Weekly Market Perspectives: Inflation stings consumers with Fed likely to hold

Published: March 18, 2024

Coming off a week when investors expressed optimism that a normalizing labor market should give the Federal Reserve more room to cut rates, price stability (i.e., inflation)—the other half of the dual mandate—proves stubborn. The recent CPI and PPI readings throw into question Powell’s (and other Fed members’) confidence that inflation is getting closer to the 2% target. While inflation proves persistent, retail sales came in lower-than-expected, indicating a slowdown in consumer spending in 2024. Investors continue to grapple with each new piece of information that could sway the timing of the Fed’s first rate cut, although the recent price reports suggest there won’t be any policy changes at upcoming meetings in April or May. Markets traded lower following the inflation prints—the S&P 500 Index ended the week down 0.1%, while the US Aggregate Bond Index finished lower by 1.2% as investors pushed yields materially higher in anticipation of tighter monetary policy.
According to Tuesday’s Bureau of Labor Statistics (BLS) report, consumer price increases topped forecasts again in February, particularly for shelter, transportation services, and clothing. Headline CPI jumped 0.4% from the prior month, while the core measure, which excludes food and energy, came in above expectations at 0.4%. Headline CPI increased 3.2% year-over-year and the core measure was higher by 3.8%, both of which were above consensus. Shelter prices—the largest category within services—climbed 0.4% in February, slowing down from a big jump in January, but still contributing over 30% to the month-over-month increase. Following a brisk January report, the February figures are unlikely to give the Fed confidence that inflation is coming down smoothly to the 2% target and adds evidence that economic conditions are re-accelerating. While optimism surrounding the US economy has improved, many Americans are still feeling the hangover effects of price increases that have created additional financial hardship, adding an interesting dynamic for investors to watch, particularly in an election year.

Consumer Prices Have Risen 21% Since 2020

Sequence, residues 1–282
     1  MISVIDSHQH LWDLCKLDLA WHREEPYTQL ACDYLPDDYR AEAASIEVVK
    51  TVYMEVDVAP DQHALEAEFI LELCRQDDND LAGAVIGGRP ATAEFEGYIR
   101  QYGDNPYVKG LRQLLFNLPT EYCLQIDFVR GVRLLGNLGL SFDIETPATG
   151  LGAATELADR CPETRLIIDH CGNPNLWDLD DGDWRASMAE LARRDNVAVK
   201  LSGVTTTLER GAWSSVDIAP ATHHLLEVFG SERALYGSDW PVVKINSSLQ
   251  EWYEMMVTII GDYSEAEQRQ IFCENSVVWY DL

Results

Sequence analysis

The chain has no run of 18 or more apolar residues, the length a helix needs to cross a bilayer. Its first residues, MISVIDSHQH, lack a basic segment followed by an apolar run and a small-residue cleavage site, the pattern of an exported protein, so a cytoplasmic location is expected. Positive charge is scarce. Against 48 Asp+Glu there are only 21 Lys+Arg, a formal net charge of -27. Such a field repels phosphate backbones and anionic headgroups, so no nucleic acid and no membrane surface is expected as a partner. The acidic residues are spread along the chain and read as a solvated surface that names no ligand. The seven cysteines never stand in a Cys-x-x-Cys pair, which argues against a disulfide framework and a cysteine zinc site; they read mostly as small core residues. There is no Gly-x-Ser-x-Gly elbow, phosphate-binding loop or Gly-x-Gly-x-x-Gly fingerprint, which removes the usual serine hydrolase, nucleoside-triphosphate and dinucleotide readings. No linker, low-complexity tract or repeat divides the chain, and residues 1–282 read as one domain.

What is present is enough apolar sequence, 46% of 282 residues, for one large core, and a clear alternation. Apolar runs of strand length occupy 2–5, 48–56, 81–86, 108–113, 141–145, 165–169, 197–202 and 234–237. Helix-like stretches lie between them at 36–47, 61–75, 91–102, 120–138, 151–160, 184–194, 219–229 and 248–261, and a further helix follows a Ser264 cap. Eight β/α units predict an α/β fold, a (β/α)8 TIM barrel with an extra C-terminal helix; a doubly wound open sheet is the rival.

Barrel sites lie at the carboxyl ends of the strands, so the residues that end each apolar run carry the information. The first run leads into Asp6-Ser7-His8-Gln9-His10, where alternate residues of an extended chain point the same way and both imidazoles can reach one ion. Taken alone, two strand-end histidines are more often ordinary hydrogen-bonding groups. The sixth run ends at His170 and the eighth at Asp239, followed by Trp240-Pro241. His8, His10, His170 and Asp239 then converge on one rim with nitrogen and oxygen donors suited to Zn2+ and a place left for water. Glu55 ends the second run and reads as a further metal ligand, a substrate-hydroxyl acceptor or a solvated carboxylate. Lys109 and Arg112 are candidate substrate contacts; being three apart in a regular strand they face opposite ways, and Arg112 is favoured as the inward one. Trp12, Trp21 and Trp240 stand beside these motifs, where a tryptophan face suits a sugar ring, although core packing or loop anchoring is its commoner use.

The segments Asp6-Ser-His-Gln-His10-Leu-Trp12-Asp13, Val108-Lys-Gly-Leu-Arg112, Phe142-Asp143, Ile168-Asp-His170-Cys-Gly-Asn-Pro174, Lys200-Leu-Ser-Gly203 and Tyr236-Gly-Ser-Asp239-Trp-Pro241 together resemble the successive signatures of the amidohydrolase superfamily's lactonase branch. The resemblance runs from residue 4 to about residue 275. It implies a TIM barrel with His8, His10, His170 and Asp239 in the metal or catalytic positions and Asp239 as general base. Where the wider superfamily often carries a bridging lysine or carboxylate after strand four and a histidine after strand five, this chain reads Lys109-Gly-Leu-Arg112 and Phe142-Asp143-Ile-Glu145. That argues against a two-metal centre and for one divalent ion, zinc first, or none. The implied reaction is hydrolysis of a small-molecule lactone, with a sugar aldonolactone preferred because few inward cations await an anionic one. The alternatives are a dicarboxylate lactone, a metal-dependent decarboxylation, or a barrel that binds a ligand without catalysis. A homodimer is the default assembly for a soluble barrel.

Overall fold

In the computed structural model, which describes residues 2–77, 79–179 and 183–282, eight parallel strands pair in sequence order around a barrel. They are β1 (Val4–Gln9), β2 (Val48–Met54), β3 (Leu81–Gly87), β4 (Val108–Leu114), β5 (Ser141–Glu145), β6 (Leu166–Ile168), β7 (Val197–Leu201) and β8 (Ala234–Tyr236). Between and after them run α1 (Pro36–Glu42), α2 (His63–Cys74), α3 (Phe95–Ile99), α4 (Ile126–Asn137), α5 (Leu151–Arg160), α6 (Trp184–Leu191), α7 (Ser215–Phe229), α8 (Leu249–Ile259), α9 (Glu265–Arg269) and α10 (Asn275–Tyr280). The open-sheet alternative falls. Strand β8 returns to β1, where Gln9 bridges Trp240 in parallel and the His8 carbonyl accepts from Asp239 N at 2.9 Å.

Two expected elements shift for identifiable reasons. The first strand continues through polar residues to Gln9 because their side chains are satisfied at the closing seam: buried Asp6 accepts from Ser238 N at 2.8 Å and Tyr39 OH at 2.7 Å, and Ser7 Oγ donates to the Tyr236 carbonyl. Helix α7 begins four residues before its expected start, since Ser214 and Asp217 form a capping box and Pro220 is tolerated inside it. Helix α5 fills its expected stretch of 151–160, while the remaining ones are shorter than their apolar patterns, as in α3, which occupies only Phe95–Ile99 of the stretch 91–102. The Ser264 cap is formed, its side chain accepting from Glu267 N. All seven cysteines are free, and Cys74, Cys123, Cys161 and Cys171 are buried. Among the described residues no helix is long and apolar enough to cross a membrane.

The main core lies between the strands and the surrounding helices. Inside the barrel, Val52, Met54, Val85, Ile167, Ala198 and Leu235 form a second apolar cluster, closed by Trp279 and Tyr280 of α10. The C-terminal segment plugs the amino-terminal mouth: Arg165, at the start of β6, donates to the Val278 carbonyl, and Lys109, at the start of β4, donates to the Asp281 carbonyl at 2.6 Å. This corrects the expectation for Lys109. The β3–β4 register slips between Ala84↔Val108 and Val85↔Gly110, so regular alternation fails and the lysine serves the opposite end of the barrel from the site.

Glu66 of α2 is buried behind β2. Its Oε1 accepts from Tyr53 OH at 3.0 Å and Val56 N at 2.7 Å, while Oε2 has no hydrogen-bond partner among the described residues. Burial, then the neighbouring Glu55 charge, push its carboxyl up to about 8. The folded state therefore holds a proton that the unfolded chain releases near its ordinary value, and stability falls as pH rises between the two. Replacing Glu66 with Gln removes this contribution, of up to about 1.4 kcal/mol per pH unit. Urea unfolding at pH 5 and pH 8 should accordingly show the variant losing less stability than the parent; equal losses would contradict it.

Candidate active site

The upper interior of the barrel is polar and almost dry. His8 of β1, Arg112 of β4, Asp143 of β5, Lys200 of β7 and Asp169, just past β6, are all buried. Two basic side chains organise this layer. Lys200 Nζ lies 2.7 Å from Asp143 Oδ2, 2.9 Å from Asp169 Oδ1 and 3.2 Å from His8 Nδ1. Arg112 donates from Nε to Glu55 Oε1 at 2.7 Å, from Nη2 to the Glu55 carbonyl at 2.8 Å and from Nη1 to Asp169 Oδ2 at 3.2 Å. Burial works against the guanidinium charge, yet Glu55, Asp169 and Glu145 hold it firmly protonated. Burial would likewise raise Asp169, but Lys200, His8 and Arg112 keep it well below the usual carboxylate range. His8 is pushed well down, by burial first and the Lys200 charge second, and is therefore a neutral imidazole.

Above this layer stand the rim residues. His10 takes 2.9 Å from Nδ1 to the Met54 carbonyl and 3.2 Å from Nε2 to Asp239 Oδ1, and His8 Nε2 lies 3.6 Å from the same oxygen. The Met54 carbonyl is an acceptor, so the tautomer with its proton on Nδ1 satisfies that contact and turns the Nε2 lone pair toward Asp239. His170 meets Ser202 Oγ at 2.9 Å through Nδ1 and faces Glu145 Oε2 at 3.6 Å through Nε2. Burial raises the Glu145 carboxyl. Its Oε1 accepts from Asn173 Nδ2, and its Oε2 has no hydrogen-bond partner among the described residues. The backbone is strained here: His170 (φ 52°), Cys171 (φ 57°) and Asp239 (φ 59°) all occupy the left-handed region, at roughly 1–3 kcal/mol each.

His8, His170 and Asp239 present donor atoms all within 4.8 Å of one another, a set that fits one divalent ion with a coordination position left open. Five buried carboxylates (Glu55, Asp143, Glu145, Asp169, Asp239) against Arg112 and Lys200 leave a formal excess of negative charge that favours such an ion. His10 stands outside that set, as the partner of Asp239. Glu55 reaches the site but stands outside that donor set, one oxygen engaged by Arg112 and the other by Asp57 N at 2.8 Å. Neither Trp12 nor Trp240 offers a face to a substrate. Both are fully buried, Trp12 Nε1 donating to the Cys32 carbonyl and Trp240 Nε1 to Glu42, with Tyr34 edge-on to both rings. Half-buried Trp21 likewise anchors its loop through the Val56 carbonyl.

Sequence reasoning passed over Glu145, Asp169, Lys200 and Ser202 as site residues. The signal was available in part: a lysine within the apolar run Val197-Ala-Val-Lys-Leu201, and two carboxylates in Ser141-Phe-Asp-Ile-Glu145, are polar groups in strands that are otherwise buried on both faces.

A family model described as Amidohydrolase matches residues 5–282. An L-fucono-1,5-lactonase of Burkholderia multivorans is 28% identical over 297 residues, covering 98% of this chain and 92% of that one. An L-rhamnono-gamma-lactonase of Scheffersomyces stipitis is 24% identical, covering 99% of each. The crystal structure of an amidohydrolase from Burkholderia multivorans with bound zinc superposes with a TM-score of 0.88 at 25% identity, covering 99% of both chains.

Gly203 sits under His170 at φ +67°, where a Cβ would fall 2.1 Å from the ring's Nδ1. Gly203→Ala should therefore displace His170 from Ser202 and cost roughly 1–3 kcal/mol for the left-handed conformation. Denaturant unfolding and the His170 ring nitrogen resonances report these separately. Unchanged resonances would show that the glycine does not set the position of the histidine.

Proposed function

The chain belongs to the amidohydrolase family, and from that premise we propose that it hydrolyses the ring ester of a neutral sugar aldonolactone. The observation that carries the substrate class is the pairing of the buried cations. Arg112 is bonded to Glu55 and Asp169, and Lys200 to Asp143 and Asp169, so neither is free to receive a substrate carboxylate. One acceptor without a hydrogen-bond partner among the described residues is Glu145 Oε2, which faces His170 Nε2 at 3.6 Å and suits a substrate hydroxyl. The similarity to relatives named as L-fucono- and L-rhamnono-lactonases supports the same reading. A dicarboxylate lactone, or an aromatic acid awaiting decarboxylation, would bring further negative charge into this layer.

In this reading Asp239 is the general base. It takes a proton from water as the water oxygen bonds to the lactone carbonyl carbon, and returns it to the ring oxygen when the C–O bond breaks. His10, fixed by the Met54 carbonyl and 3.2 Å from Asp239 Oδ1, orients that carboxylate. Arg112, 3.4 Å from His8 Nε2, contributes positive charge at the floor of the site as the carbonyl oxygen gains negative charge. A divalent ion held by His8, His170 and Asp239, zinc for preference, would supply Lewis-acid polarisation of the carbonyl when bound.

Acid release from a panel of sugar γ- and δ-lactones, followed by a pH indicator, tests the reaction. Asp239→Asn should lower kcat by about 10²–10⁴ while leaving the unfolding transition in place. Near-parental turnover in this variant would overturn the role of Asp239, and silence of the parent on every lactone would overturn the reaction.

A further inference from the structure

CPI: Cumulative Price Gains (%)

Source: Bloomberg, Bureau of Labor Statistics

Substantiating the CPI report, the BLS report showed that producer prices (PPI) rose in February by the most in six months, pushed higher by volatile food and energy costs. PPI increased 0.6% from January and the core measure pushed higher by 0.3%, both coming in above expectations. Although PPI tends to be more volatile than CPI, the gauge can be used as a leading indicator for input costs for final consumer prices as well as an input into the Fed’s preferred inflation measure—the personal consumption expenditures gauge (or PCE). The recent trend for both CPI and PPI is likely concerning for the Fed, given the absence of other major data releases before the next Fed meeting. These hot readings will likely reinforce the wait-and-see approach many Federal Reserve Governors have been communicating.

US Consumer, Producer Prices Accelerate at Start of 2024
CPI vs PPI (MoM%)

Source: Bureau of Labor Statistics

Retail sales figures published from the US Census Bureau Thursday showed weak growth for the second straight month following a robust holiday period. Month-over-month retail sales came in at 0.6%, while the control group, a key input into GDP calculations, was flat. Both key measures missed expectations by some margin. Excluding noisy auto and gasoline expenses, sales increased 0.3%, effectively in line with forecasts. Of note, this release also included a significant downward revision for January figures. While January is usually a time for a seasonal reset, the second straight weak report casts doubt on the consumer’s ability to keep spending. After years of price increases and higher financing costs, recent data points to a consumer buckling to greater cost pressures, even as the economy posts resilient growth. Delinquency rates on credit cards and auto loans just hit the highest levels in more than a decade and, for the first time on record, interest payments on non-mortgage related debts are the same as mortgage interest payments. The elevated borrowing costs are stinging any consumer who did not lock in record-low long-term rates. With the Fed set to hold rates next week, there is little reprieve in sight.

Interest Payments by US Households
Mortgage vs Non-Mortgage (SA)

Source: Bloomberg, Bureau of Economic Analysis

Even as interest costs take up more business and consumer income, money market assets continue to post new all-time highs. With rates sitting above 5%, interest income from money market assets is helping to offset costs elsewhere, but this is only benefitting the upper quartiles of consumers with cash saved. Furthermore, research suggests that cash assets sit at normal levels as a percentage of the full balance sheet, whereas financial assets are pushing to multi-decade highs, helping the wealth effect – or when consumers are more willing to spend from feeling wealthy. Again, the top quartiles are asymmetrically benefitting from rising asset values as the lower quartiles continuously report financial stress from rising prices.

Household Balance Sheets: Cash Assets vs Equities (% of Total)

Source: Bloomberg, Federal Reserve

– Written by Eric Schmitz, CFA